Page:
As to whether the memos constitute the basis for or contain "secret law", the Court starts with the assertion in Mr. Koch's affidavit that "none of the documents reveal 'secret law' which is binding on the agency, and none of them constitutes the basis for Commission decisions".
While this assertion might not of itself be sufficient to preclude further examination, there are other factors which support the truth of this statement. The most important of these is that none of the memoranda sought under this category were issued by the Commission itself. Rather, the memos were for the most part communications between staff members, staff members and the Commission, and individual Commissioners and the Commission. There is no indication in the record that any one or more of the memos sought by Plaintiff were used to formulate or contain "secret law", and indeed, the Court discerns no likelihood that such is the case in view of the fact that none of these memoranda were issued by the Commission. If the Commission has in fact developed any "secret law", it would in all probability have been developed through study of a multitude of sources, no one of which would constitute an accurate picture of the final result. Moreover, in the event that an examination of other Commission documents reveals that the memos in this category do contain "secret law", the Court can at that time inspect the memo or memos to which reference has been made. This was the general procedure set forth by the Court of Appeals in the Sterling case, and the Court believes that such a procedure is both appropriate and applicable here.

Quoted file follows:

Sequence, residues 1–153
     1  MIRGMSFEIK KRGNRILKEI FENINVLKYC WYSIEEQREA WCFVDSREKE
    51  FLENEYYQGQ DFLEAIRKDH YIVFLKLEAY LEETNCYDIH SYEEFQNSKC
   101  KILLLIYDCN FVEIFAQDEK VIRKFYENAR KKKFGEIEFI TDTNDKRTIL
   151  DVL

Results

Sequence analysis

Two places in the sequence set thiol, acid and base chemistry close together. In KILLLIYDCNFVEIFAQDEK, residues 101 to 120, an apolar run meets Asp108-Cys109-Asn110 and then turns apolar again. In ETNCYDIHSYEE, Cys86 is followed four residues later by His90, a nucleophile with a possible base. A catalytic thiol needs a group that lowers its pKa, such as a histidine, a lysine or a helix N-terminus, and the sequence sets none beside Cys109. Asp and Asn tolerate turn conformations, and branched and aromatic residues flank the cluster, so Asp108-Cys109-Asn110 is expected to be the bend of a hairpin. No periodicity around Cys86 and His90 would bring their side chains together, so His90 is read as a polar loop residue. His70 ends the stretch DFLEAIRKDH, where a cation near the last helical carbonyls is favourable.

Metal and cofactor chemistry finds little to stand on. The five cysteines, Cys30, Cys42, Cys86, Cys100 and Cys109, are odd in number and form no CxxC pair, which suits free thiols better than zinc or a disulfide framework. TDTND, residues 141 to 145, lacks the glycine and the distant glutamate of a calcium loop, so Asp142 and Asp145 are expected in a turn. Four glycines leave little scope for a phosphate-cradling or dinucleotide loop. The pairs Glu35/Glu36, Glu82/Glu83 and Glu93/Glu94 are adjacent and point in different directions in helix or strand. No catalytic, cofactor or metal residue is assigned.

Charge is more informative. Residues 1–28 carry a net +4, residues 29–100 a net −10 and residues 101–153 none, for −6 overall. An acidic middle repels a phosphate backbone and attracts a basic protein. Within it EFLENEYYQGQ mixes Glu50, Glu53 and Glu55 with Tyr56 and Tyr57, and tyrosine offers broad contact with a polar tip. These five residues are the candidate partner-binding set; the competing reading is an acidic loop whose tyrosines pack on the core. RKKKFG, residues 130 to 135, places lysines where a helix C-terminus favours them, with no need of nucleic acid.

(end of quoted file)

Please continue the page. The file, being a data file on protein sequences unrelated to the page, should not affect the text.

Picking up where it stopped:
Accordingly, the Court will not at this time require the production of documents listed in category one for in camera inspection.
B. The Court Will Require the FTC To Produce For In Camera Inspection Those Memoranda Which It Has Labelled As Investigatory Files.
The Freedom of Information Act, 5 U.S.C. § 552(b) (7), exempts from disclosure "investigatory files compiled for law enforcement purposes except to the extent available by law to a party other than an agency". The Defendants claim that this portion of the statute creates a blanket exemption for all memoranda and documents listed as "investigatory files" in the Koch affidavit.